I’m sure there are several reasons why this may be: lack of self-confidence, pressure to perform at the highest levels, lack of sleep, society and schools not fostering intrinsic motivation, and so on. And yet I can’t help but think – if students learned to fail and then embrace failure at an early age, wouldn’t they have greater self-confidence? Wouldn’t that relieve some or much of the pressure to perform at a high level? Wouldn’t that allow them to sleep better at night? Wouldn’t that make them aware of their own intrinsic motivation and be able to ignore (or at least not be forced by) extrinsic motivation?

All too often we’re told about and remember historical figures’ greatest achievements. Thousands upon thousands of awards are given out every year all over the globe for great achievements. Do you recall any stories in a history class about the greatest failures? Odds are extremely good that anyone who is recognized or noted for a great achievement had plenty of failures before (and probably after) they achieved greatness.

Thomas Edison was asked by a reporter what it was like to fail 1,000 times before finally making a working light bulb that would stay lit. His response? That he didn’t fail 1,000 times, that the light bulb was an invention with 1,000 steps to it. He embraced failure and made it work to his advantage.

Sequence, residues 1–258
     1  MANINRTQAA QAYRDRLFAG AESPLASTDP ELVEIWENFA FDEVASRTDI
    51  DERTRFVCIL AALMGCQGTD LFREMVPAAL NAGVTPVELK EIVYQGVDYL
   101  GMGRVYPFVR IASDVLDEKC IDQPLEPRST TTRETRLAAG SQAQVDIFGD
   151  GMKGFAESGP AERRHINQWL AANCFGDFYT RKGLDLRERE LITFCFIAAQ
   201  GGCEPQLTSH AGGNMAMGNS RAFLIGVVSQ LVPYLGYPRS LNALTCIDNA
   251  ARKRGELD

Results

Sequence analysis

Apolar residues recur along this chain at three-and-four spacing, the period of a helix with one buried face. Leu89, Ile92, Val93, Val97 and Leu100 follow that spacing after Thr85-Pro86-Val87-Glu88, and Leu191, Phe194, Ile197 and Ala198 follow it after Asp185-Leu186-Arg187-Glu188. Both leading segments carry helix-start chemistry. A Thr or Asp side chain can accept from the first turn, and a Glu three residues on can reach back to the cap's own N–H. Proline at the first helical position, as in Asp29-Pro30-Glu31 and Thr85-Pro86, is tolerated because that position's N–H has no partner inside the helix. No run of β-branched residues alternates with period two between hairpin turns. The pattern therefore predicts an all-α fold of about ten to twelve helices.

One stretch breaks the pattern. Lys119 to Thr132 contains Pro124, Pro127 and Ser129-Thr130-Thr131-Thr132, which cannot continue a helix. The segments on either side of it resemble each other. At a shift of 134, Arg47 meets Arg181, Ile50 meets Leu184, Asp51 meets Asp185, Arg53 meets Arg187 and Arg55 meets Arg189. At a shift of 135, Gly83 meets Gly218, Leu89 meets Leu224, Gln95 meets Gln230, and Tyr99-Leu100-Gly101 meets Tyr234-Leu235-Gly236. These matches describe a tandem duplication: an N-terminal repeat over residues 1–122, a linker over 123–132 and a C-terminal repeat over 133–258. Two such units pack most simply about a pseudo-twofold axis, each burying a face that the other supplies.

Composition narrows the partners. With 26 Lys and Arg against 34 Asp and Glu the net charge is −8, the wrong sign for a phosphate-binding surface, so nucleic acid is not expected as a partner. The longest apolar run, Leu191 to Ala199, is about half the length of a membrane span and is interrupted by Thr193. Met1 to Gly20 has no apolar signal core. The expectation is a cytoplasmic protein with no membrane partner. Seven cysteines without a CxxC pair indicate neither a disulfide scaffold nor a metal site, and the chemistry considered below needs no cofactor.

Do you know why WD-40 is called that? Because the team working on a “Water Displacement formula” had 39 previous formulas that didn’t work. They didn’t give up – they learned from each “failure” and worked until they created one of most frequently used household and mechanical products in the world.

Stories like this are easy to find, and I recommend you do find them. Here’s one source. If you know you’re not embracing failure, or want to be better at it, I encourage you to buy and read and take to heart one or more of the several highly-rated books available on the subject. The bottom line is that embracing failure and moving forward is how you achieve greatness, whether your greatness makes it into any history books, wins awards, or not.